In a new initiative to give away more taxpayer money, the city council has decided to direct some of that money to benefit those who are already doing well: it has budgeted money to help well-paid university faculty buy homes in San Marcos. These people already live middle class lives. Their median incomes range from more than $59,000 to nearly $77,000 per year, depending on their teaching status at the university. Just why do we need to subsidize these well-paid folks? Because we don’t have enough residents who are paid as well as the university pays its faculty members, and the city council wants more of these middle-income folks living in San Marcos. As The Mercury has reported, one of the rationales for this largesse is that “more professors living in town will help improve the city’s demographics that employers consider when locating companies.” No one has explained publicly just what those demographics are.

Amy Madison, the city’s economic development director, said “It is pretty obvious that we have a lot of leakage when it comes to professors living in the city of San Marcos and we want to stop that leakage and help bring these leaders into our community.” She didn’t explain why being a university professor made one a leader, though some obviously are, since they have been elected to public positions.

Apparently, it has not occurred to the city council that if it focused its economic development incentives on businesses that would pay living wages, as does the university (at least to its faculty members), we would have more residents of all sorts able to afford better homes in San Marcos, stimulating the housing market.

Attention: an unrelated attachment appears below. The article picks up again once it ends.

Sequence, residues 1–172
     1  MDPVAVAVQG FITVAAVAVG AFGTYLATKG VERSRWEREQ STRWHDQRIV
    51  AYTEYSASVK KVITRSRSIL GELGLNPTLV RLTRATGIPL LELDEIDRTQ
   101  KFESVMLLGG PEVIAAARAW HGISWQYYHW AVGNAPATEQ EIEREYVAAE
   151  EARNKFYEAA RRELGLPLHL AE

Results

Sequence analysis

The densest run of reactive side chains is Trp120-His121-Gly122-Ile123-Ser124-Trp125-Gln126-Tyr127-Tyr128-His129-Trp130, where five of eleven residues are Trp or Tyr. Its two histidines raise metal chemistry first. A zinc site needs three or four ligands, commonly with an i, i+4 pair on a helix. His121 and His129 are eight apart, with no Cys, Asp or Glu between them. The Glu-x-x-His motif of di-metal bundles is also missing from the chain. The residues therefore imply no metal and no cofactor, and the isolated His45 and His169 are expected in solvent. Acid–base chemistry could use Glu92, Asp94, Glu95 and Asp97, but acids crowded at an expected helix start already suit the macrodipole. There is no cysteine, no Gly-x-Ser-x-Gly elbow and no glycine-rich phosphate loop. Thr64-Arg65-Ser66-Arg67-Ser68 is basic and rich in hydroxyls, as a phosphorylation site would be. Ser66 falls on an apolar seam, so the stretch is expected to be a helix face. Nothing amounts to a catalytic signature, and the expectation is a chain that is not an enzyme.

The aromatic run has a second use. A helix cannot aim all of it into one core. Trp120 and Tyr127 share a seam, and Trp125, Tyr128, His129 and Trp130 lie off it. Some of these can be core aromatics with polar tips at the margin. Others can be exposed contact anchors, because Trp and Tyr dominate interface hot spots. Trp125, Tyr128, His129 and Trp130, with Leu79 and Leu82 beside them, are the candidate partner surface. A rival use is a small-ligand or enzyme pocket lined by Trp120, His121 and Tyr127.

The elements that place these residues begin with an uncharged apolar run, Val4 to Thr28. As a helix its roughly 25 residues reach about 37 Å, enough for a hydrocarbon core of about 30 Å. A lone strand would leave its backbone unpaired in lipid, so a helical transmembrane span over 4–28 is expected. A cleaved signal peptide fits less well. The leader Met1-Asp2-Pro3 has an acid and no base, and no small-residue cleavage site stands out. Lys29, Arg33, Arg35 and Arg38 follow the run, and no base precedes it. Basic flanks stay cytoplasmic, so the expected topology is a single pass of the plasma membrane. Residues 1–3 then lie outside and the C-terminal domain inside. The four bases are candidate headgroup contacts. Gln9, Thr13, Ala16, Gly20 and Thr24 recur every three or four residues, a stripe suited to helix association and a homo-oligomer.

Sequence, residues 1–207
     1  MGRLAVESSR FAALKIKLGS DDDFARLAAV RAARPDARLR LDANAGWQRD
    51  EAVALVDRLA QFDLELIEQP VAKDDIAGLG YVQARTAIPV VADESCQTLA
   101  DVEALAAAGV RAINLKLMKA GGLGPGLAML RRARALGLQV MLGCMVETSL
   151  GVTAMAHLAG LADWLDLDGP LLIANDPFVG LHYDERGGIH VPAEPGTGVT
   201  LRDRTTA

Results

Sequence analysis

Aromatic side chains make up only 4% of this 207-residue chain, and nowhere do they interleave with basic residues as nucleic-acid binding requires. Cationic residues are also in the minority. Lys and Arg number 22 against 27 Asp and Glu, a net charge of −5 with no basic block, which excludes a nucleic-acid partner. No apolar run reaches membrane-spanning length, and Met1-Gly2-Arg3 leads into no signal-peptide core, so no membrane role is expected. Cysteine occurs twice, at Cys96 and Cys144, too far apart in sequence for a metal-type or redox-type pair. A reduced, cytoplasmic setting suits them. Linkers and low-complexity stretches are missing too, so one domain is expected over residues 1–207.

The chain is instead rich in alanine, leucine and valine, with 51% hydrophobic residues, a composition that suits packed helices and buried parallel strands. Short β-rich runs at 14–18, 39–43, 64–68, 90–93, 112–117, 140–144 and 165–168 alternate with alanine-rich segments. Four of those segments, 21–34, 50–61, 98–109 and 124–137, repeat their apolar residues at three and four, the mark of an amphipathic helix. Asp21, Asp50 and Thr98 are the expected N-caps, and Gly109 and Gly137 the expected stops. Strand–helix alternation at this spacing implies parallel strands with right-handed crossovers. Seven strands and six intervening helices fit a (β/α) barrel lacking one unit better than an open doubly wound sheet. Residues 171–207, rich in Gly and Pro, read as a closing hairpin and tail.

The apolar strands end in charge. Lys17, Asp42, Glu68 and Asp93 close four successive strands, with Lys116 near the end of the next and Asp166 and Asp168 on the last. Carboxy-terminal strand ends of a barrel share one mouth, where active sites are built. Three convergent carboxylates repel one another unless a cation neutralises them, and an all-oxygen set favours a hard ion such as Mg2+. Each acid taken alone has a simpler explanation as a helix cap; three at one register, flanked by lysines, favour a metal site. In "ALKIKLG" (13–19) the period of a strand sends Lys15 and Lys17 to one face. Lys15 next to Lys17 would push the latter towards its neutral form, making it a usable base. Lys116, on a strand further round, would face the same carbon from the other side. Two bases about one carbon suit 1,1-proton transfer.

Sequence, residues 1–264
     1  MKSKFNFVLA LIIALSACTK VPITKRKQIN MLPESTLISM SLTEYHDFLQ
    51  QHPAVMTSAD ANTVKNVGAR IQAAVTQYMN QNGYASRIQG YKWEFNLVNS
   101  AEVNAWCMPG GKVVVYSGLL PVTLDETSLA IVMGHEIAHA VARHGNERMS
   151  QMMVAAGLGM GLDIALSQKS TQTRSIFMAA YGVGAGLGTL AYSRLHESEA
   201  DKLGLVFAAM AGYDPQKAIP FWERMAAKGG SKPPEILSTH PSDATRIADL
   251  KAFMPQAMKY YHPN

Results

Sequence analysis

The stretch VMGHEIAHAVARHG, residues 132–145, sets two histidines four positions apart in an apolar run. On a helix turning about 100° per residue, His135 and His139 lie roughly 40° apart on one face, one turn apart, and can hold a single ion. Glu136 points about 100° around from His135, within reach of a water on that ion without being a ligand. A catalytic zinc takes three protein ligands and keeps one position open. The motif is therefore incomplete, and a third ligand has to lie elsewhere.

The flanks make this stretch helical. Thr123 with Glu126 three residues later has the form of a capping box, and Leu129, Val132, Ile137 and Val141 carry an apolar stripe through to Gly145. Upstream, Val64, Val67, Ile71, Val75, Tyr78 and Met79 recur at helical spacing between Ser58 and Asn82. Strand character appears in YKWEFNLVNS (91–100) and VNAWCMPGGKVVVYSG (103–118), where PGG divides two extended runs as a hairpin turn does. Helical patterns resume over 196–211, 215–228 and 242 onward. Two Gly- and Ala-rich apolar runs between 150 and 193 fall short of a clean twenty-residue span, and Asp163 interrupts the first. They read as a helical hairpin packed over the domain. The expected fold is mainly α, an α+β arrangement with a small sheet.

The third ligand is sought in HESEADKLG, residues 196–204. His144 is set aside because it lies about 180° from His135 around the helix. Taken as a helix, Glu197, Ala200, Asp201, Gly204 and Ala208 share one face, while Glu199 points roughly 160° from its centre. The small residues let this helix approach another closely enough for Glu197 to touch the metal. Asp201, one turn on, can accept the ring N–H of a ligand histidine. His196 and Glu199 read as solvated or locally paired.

Mayor Narvaiz has suggested that we should extend this housing subsidy program to city police officers. That may be a good idea, but why stop there? Why not include everyone whose income is below the faculty median wage? That would include most of the families in San Marcos. Don’t all of these people deserve to be treated as well as university professors? But maybe all of these folks don’t have the desired “demographics” that developers want.

Some might call this effort to attract more faculty members with housing incentives an elitist scheme. It just seems bourgeois to me. We now have a bourgeois-minded and acting city council that has forgotten about the needs of most of our citizens. It responds only to the entreaties of the economic development toadies from the chambers of commerce. Of course, these are the people city council members hobnob with and these are the people who lobby the council members incessantly to give more public resources to businesses. No lobby works for the average San Marcan, to direct some of the handouts to benefit the great majority of our residents.

I’m reminded of Huddie Ledbetter’s song, Bourgeois Blues. The last verse is slightly altered. I’m sure Huddie wouldn’t mind:

Me and my wife went all over town

And everywhere we went people turned us down

Lord, in a bourgeois town

It’s a bourgeois town

I got the bourgeois blues

Gonna spread the news all around

Home of the brave, land of the free

I don’t wanna be mistreated by no bourgeoisie

Lord, in a bourgeois town

Uhm, the bourgeois town

I got the bourgeois blues

Gonna spread the news all around

I tell all the folks to listen to me

Don’t try to find you no home in San Marcos see

`Cause it’s a bourgeois town

Uhm, the bourgeois town

I got the bourgeois blues

Gonna spread the news all around